ast week, Tuesday, municipal elections took place throughout Israel. Since no candidate won 40% of the vote in the mayoral elections in Jerusalem, a second round of voting will be held on November 13. The run-off elections will be between businessman Moshe Lion—who is backed by Degel Hatorah—and upstart activist Ofer Berkovitch, as both candidates garnered about 30 percent of the vote.
The election dealt a stunning defeat to Jerusalem Affairs Minister Ze’ev Elkin, long regarded the likeliest front-runner, as well as to Agudah candidate Yossi Deitch, who finished in a disappointing fourth place in the hard-fought race.
I spoke to Yossi Deitch last week.
Q:You’re mamash a tzaddik.
Q:Yes. Someone who is mekadeish sheim shamayim is a tzaddik. I read a few of the interviews you gave and I was struck by the fact that your pre- and post-election messages were the same: everything that happens is bashert.
A:The Aibershter helped me articulate that. What can I tell you? It’s a zechus.
Q:You didn’t become the mayor, but you did become an ambassador for klal Yisrael.
Q:You also did something very special by giving chizzuk to the bachurim, who were very depressed over the results.
A:On the night of the elections I went to Binyanei Ha’umah to speak to the 4,000 bachurim and yungeleit who had worked very hard on the campaign. Some of them were really broken up about it. “Rabbosai,” I said, “we never promised anyone that we would succeed. Our job wasn’t necessarily to win; all we could do was our hishtadlus. The gedolim tell us what to do, and our job is to obey. The results come only from the Ribbono Shel Olam, and if He decided that this was what was supposed to happen, who are we to second-guess Him?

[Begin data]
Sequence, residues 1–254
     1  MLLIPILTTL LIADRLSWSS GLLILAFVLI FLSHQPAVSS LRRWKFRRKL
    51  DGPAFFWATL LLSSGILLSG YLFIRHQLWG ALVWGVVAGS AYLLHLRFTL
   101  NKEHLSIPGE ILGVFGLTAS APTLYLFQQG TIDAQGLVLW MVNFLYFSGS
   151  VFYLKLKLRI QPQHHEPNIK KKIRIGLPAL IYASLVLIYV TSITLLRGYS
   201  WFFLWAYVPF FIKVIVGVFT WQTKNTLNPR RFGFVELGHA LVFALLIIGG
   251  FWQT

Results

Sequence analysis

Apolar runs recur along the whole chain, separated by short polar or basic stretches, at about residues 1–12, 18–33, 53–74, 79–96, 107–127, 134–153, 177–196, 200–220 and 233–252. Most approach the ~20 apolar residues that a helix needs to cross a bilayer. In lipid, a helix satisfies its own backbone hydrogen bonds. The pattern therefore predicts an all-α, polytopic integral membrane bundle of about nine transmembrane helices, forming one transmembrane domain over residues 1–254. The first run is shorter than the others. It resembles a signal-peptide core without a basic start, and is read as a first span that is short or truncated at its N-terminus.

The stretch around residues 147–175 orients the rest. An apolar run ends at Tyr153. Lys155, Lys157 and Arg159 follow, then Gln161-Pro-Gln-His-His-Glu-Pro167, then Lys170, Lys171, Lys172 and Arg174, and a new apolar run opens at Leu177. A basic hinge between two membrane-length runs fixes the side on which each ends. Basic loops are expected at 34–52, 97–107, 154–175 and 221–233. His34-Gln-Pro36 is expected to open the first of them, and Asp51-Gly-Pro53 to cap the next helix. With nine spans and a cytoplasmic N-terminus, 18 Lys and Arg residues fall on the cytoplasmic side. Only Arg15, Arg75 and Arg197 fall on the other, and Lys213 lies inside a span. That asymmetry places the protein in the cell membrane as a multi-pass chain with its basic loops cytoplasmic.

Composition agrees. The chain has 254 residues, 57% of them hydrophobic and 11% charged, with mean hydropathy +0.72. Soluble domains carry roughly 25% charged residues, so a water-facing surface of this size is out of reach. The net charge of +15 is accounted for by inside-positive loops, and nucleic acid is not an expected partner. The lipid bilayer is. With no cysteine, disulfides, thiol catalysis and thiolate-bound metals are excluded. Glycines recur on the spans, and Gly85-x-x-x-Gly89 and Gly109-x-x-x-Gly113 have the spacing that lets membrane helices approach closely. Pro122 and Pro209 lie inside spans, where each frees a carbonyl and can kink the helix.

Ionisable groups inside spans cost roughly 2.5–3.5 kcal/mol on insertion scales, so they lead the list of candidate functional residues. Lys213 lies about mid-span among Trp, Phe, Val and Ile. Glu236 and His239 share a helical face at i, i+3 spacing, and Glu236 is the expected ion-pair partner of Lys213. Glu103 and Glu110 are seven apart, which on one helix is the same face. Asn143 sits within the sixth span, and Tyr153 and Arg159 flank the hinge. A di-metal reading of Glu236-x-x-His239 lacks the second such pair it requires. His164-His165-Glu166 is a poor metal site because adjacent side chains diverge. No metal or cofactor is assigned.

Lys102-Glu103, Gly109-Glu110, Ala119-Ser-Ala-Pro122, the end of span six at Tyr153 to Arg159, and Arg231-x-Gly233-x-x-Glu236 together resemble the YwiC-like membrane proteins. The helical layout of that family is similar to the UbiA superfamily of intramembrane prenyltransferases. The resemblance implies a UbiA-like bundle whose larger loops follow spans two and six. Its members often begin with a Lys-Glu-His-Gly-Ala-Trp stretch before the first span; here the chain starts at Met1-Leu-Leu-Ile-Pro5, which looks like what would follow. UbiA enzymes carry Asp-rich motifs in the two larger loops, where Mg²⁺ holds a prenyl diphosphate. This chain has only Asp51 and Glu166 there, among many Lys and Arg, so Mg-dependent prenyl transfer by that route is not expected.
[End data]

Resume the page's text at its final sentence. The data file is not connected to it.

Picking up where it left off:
“A person doesn’t grow only from his successes, he grows from his failures, and sometimes even more than when he actually achieves what he set out to accomplish. The idea is to learn from our mistakes and take the lessons to heart, so we can fix whatever needs to be fixed. It often happens that when a person is successful, he doesn’t have time to make a cheshbon hanefesh to see where he went wrong. The Ribbono Shel Olam obviously wants us to make a cheshbon hanefesh so we can learn from our errors, and with Hashem’s help, the next time we’ll win. Why should we walk around with sad faces? Just think about the beautiful achdus we achieved; Agudas Yisrael was never as united as it was during this campaign.”
Q:Your words aren’t just filled with emunah, they’re also very gracious and a big kiddush Hashem.
A:We tried very hard to do that. I’m going to send you a copy of the letter I sent out to the various chareidi newspapers to thank everyone who had worked so hard on our behalf. (See sidebar.) I sincerely hope that it will give them chizzuk. No one can ever know what’s really beneficial for him in life and what isn’t. Of course, it’s a terrible feeling to lose after putting in so much effort. I wouldn’t with it on anyone. But as Yidden we have emunah in the Ribbono Shel Olam. Ashreinu that we are comforted by our belief in hashgachah pratis. We are so fortunate that we have the kochos to strengthen ourselves. When I came home I had to explain what happened to my children, and they took it very hard. I sat them down at the table and said, “Think for a moment about Who controls the world. If the Ribbono Shel Olam decided that it’s best for me not to be elected then you should be happy that I lost, because who knows what would have happened if I’d won?”
Throughout the campaign I davened for only one thing. I didn’t daven to be elected mayor; I asked the Ribbono Shel Olam that whatever happens should be for the best for both me and Yerushalayim. If it’s best for me to elected then good, but if not, then I don’t want it.